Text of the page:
The other complication was that in order to get the funding, he needed to involve two other composers who would contribute Gospel music and hip hop. Wow! I hadn’t counted on that. I was disappointed and expressed my concerns over how all that diverse music could make a unified score. He assured me that he would make it work, so I agreed.
He set up deadlines for musical sketches and assigned me 50 minutes of music, which was the bulk of the score. I excitedly got to work and after a few weeks met with Donald to play my ideas for him on the piano. He loved all of them and told me to keep writing. In the meantime the Gospel composer died and the hip hop guy never turned in any music, so I wound up with the entire score.
I’ll never forget the first production meeting. There were about a dozen people, including the heads of each department: music (me), costumes, sets, props, stage manager, et al. Everyone was excited about the project. This was going to be an artistic triumph. Each of us knew it. Donald said, “I want you to create the show of your dreams. Leave the money up to me. I’ll make it work.” As great as that sounded, and as inspired as I was, I knew deep down that we were in trouble.
Each workshop was a smashing success. Everyone (including Donald) created the show of his or her dreams. We opened at Arizona State University in November 1996 after a week of rehearsals in 95-degree weather. There was a power outage in Gammage Auditorium, so we never did get to dress rehearse the second act.
I don’t remember ever being scared on an opening night, but this time we were too under-rehearsed. I had no idea where to look on stage for my cues. A few minutes before the premiere, Donald, the dancers, Betsy (our stage manager) and I formed a circle backstage and held hands. Donald made a short inspirational speech. Then I thanked everyone and told them that they had made me incredibly happy beyond my wildest dreams. I was feeling pretty emotional at that moment when I felt Elizabeth Parkinson give my right hand a little squeeze. I did all I could to keep from becoming a blubbering idiot. We had a show to put on.
I saw the entire second act for the first time on opening night. Props and parts of costumes were flying all over the stage. It was 95 degrees outside (not what I would call Christmassy), and yet, we knew that this show was special—really special.
After leaving Tempe, we played a week each in several other cities before we returned to New York to do a week at BAM (Brooklyn Academy of Music). This was the unofficial opening week. On the road I only took Isaac ben Ayala and Jimmy Madison (our pianist and drummer) and picked up a band in each city. Now that we were in New York, we finally got the musicians that I had written the music for. Many of them had been in the original Jazz at Lincoln Center Orchestra with me. Donald insisted that I hire the top New York players, and so I did.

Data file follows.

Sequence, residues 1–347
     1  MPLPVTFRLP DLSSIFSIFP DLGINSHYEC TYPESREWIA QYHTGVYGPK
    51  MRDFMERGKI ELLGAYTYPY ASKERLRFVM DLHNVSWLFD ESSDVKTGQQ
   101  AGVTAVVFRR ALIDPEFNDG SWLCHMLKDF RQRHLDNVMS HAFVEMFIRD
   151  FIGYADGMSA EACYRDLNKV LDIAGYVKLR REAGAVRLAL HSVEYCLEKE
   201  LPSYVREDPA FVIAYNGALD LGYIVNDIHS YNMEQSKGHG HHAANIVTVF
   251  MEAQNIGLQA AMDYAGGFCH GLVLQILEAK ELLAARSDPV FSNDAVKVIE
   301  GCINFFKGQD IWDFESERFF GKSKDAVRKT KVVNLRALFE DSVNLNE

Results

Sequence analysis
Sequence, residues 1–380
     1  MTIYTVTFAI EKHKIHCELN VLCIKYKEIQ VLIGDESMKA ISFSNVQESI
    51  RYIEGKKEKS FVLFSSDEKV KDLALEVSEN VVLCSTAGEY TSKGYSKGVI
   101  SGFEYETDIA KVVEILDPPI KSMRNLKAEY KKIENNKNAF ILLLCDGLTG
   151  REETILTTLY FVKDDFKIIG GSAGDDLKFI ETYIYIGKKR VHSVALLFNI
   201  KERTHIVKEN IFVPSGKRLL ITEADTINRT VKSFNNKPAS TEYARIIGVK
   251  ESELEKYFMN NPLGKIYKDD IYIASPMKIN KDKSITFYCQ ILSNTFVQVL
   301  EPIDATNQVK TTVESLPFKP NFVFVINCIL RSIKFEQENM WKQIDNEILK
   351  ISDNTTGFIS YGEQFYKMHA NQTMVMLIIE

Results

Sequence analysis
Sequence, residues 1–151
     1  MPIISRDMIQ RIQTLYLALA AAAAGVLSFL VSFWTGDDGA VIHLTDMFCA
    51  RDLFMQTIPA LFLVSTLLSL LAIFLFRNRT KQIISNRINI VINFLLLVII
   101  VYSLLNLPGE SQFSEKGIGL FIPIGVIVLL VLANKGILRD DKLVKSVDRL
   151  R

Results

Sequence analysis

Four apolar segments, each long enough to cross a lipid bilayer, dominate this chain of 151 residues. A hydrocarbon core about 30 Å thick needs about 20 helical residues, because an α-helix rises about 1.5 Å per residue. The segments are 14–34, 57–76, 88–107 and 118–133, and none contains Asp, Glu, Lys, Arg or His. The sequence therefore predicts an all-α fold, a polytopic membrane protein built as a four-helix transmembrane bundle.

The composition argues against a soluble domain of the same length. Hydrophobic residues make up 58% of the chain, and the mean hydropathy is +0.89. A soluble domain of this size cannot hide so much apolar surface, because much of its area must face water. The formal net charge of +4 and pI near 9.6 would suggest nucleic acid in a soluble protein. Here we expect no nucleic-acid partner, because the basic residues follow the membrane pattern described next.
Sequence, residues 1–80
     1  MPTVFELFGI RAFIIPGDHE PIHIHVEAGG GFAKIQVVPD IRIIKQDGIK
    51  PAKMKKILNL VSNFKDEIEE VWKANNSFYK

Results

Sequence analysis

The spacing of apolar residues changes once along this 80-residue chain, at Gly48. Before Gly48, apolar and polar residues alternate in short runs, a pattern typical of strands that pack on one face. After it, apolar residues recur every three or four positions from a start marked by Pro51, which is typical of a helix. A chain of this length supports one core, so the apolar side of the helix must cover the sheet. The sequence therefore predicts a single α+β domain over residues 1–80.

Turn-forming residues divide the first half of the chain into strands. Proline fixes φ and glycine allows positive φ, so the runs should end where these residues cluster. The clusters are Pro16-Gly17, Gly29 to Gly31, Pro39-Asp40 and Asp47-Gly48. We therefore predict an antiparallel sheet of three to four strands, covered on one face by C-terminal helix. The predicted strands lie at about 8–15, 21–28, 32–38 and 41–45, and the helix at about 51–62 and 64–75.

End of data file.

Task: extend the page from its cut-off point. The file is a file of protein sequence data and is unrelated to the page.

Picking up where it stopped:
For the past few weeks, the dancers kept telling me how great the music sounded. I thanked them and told them, “Wait ’til we get to New York.” After the first performance, at BAM, they all came up to me and told me that now they understood what I was talking about.
We were on all the TV networks that week: CBS Sunday Morning and NBC’s and ABC’s Sunday morning news format shows as well. They filmed our tech rehearsal and then interviewed Donald and me. I’ve done enough interviews in my life to know when the interviewer is sincerely interested and when it’s just an assignment. The first thing that Joel Siegel said to me was that he has always loved Ellington’s recording and was thrilled to see it on the stage. The CBS piece dubbed our show “a new American classic.”
Audiences around the country loved the show. We toured for four Christmas seasons. It was expensive traveling with 15 musicians, 24 dancers, a 13-man crew and two big trailers of sets, costumes and props. Our advertising budget always took a back seat to artistic demands, and so ended one of the greatest shows I ever saw. There have been a few attempts to remount it, and we came pretty close last year, but it hasn’t happened yet.
I hear from some of the kids who saw the show back then. They are adults now and ask me when they can take their children to see it. The parents from 20 years ago now want to bring their grandchildren. After all, it’s an American classic. As we old Brooklyn Dodger fans used to say, “Wait ’til next year.”
If you can’t wait until whenever that “next year” comes, I have two suggestions that might hold you over for a bit. Our band will be performing at Swing 46 in New York City on December 21st and 28th. Our first set on both those evenings will be devoted to music from Harlem Nutcracker. After that we will perform two regular dance sets. Every year our drummer’s wife, Sylvia, buys a dozen Harlem Nutcracker CDs and gives them out as Christmas presents. They look great under the tree and make for perfect sounds at your Christmas party or for just playing around the house to get you into a swinging Christmas spirit.